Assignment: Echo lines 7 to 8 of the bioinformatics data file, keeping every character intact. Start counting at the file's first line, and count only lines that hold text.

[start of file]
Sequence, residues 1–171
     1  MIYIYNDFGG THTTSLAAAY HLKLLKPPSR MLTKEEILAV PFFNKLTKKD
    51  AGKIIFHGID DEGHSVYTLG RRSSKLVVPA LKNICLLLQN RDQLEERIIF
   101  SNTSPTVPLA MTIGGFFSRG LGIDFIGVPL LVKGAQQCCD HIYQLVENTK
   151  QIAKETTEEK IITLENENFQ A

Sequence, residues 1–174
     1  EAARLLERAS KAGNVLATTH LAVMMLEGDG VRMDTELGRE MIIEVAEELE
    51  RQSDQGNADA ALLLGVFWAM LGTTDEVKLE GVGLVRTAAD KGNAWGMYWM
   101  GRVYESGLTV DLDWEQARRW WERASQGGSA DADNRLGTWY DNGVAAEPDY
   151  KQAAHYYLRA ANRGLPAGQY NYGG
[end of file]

     1  EAARLLERAS KAGNVLATTH LAVMMLEGDG VRMDTELGRE MIIEVAEELE
    51  RQSDQGNADA ALLLGVFWAM LGTTDEVKLE GVGLVRTAAD KGNAWGMYWM